Atienza also pointed out that we should continue to be vigilant and monitor the effects of this declaration on the civilian population including the business sector not only in Mindanao but the whole country.

“We must continue to be vigilant and make sure that constitutional limitations are strictly adhered to so that the mistakes of the past do not happen ever again,” Atienza said.

For his part, Kabayan party-list Rep. Harry Roque said the President’s imposition of martial law in South was pursuant to Article VII, Section 18 of the 1987 Constitution.

“Principally, Martial Law may be declared in cases of invasion or rebellion, when the public safety requires it,” Roque, a lawyer, said. “The bottom line is that the President has access to information that is only available to him as Commander-in-Chief. I am not in the position to second-guess him.”

Roque said he believes that the President, being a lawyer himself, will observe the requirements established by the 1987 Constitution for the declaration and imposition of martial law.

He also allayed fears that the President’s imposition of martial law would lead to abuses.

“While the declaration also suspends the privilege of the writ of habeas corpus for the same period, it is important to stress that other remedies for the protection of civil and political rights issued by the Supreme Court under the Constitution, namely the privileges of the Writ of Amparo and the Writ of Habeas Data, remain in place,” Roque said.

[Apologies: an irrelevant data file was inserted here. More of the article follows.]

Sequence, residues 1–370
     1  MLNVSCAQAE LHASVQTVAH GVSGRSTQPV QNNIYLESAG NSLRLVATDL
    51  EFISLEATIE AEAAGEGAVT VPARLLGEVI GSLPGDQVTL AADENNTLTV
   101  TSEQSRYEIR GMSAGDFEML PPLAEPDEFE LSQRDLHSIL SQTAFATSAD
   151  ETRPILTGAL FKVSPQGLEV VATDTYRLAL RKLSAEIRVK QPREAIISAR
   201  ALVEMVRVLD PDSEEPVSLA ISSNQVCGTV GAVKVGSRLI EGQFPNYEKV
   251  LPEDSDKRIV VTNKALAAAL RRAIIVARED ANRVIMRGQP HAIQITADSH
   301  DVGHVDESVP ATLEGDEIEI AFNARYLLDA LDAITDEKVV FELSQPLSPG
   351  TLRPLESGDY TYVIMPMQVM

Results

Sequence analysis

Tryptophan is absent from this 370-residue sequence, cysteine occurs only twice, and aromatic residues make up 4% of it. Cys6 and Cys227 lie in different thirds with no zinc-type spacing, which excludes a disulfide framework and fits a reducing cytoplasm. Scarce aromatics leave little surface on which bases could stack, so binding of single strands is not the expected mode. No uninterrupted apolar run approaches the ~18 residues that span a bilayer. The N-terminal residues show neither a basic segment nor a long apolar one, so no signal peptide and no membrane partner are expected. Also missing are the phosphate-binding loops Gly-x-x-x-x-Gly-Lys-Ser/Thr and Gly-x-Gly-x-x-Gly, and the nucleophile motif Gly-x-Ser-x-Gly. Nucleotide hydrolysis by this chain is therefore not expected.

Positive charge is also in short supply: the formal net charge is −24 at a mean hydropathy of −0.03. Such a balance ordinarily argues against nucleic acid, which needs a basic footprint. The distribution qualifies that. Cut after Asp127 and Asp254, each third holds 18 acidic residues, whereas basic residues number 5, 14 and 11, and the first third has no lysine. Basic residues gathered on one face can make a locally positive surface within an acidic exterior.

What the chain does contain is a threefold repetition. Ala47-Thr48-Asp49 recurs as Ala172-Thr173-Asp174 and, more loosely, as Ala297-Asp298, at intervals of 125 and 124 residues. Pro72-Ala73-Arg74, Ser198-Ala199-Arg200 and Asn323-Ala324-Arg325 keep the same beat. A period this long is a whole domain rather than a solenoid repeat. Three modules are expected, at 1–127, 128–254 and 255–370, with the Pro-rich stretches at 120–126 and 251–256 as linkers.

In a related development, Malacañang commended the support of Catholic bishops on the President’s  declaration of martial law in Mindanao.

“We laud the good bishop’s support of the President’s war against violent extremism in Mindanao,” Presidential Spokesperson Ernesto Abella said. “Placing his diocesan’s well being above all else, he also encourages the citizens to be extra careful and to cooperate with the military.”

“The government appreciates support from all sectors, no matter how nuanced,” he added.

“We hope his fellow bishops and other clergy follow his example for their parishes, and prioritize the peace and safety of the people,” he added.

Ozamiz City Archbishop Martin Jumoad has expressed support to Duterte’s martial law declaration, saying, “it is vital that government restores peace and order in Lanao del Sur.”

Orlando Cardinal Quevedo, Archbishop of Cotabato, in behalf of the bishops of Mindanao, likewise released a statement that they are not rejecting martial law.

“We urge the government to remove the causes of terrorism, such as poverty and injustice, through just and accountable governance focused solely on the common good,” Quevedo said.

Abella assured that mechanisms to address rights abuses, as he called on Muslim leaders to condemn the extremist violence in Marawi.

“We also call on Muslim leaders to speak out against terrorist groups, who use religion to disguise their barbarity, staining the peaceful name of Islam with the blood of innocents during this holy month of Ramadan,” he added.

Over at the Department of Foreign Affairs, DFA Secretary Alan Peter Cayetano said that his office may conduct a customary diplomatic briefing about Martial Law next week.

After Duterte cut his trip short in Russia, Cayetano stayed behind in Russia and pushed through with the itinerary. Later, he flew to the United Arab Emirates to meet the Filipino community there on Saturday.

It is a common practice for a host country to hold a briefing with its foreign ambassadors about the sudden change with the one’s national policy or if there is a conflict.